The threats to Congress members have greater than doubled this yr
A US Capitol Police patrol car drives past the fence on the east side of the US Capitol before President Joe Biden addresses the joint congressional session on Wednesday, April 28, 2021.
Bill Clark | CQ Appeal, Inc. | Getty Images
The threats to federal lawmakers have more than doubled this year compared to last year, the U.S. Capitol Police said on Friday.
The law enforcement agency tasked with defending Congress reported a 107% increase in threats against members of the legislature compared to the same point in 2020.
“Given the unique threat environment we currently live in, the department is confident that the number of cases will continue to increase,” the agency said in a press release published online.
The report comes months after a crowd of former President Donald Trump supporters overwhelmed the police department and stormed the Capitol to prevent Congress from confirming President Joe Biden’s victory.
The Justice Department has estimated that around 800 people were involved in the January 6 attack. More than 400 suspected rioters are currently being prosecuted and arrests continue. Steven Sund, who was in charge of police at the time of the riot, resigned on January 7th.
The release on Friday is in line with comments from lawmakers that the political atmosphere puts their security at greater risk.
In January, members of the House of Representatives sent a letter to House Speaker Nancy Pelosi, D-Calif., And other congressional officials requesting greater approval to use a Congressional Fund for security measures, citing heightened risks.
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Several lawmakers who backed Trump’s indictment have also increased their own security spending since the Jan. 6 attack, financial data show.
Police have previously said the threats are increasing.
In March, incumbent USCP chief Yogananda Pittman told Congress that threats against lawmakers had increased by more than 90% in the first two months of the year. Between 2017 and 2020 there was a 118.66% increase in threats and “directions of interest”.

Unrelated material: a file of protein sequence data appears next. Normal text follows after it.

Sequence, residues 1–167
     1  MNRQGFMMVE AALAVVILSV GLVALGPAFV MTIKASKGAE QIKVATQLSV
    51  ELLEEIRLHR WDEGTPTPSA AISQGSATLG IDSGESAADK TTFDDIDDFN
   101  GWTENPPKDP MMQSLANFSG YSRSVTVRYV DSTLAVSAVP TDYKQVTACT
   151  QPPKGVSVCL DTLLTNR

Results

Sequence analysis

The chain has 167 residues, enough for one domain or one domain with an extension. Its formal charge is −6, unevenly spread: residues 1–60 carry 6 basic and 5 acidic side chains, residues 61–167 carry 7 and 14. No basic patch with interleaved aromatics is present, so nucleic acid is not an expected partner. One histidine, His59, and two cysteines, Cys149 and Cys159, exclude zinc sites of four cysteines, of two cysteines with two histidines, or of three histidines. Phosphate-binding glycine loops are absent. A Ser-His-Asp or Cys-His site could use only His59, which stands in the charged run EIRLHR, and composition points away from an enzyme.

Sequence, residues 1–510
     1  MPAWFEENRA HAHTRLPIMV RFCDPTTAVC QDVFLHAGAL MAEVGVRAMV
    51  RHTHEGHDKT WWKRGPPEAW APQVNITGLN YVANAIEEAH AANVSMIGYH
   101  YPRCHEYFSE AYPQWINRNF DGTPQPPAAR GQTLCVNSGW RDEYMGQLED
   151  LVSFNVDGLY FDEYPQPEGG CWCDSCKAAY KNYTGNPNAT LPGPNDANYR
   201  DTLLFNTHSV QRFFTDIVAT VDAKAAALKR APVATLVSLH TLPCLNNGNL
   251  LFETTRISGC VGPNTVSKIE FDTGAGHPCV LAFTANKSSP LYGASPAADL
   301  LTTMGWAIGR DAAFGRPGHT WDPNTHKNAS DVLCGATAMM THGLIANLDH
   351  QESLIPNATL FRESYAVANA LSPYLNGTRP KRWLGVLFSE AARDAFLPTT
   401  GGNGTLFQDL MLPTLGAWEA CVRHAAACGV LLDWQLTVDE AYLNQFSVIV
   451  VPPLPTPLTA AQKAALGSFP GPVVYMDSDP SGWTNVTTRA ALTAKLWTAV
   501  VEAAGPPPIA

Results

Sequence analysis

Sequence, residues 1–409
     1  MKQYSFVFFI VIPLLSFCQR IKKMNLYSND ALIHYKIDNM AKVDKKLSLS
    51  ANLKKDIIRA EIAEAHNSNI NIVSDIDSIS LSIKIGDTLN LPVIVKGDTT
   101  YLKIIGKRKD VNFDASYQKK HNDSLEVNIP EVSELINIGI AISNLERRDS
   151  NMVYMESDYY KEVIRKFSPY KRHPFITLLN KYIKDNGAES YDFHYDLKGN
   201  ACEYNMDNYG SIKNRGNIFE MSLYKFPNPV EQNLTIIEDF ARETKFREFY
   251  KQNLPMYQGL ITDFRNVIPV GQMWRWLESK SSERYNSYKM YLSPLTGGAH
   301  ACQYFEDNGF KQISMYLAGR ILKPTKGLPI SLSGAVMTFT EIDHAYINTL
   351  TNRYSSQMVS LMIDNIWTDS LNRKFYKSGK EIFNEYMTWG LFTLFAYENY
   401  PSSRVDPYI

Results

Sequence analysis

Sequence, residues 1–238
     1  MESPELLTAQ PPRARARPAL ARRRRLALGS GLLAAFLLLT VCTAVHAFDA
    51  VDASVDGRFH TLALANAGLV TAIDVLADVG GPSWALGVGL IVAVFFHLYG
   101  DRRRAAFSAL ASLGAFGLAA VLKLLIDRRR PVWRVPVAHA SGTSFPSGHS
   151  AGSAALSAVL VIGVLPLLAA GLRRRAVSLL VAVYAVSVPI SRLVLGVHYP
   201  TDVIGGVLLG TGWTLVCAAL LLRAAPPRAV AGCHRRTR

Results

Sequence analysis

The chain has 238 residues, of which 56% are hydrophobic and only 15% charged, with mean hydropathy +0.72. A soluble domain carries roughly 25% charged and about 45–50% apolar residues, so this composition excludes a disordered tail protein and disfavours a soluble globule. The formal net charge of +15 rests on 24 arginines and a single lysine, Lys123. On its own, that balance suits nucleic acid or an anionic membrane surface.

The January 6 attack prompted the Capitol Police to seek additional funding from Congress. The police department has requested an increase in its budget for 2022 by 107 million US dollars over the budget for fiscal year 2021.
This call reflects changes to the post-uprising budget request. The original application before Jan. 6 called for a $ 36 million increase in funding from 2021.
In their press release, the police continued their efforts to get more funding. She agreed to the recommendations of the Agency’s Inspector General in April to increase her threat assessment staff and to set up a stand-alone vigilance station. Both proposals, the police department said, would “require resources and approval”.
“In her report, the [inspector general] suggests that the Department’s threat assessment division be similar to the United States Intelligence Service (USSS). In 2020, the USSS had approximately 8,000 cases with more than 100 agents and analysts. During the same period, the USCP, which has just over 30 agents and analysts, had approximately 9,000 cases, “the department said.
The Police Department added, “The USCP agrees that a standalone CCU would be valuable. However, to fully implement this recommendation, the department would need additional resources for new hires, training and vehicles, as well as approval from Congressional stakeholders.”
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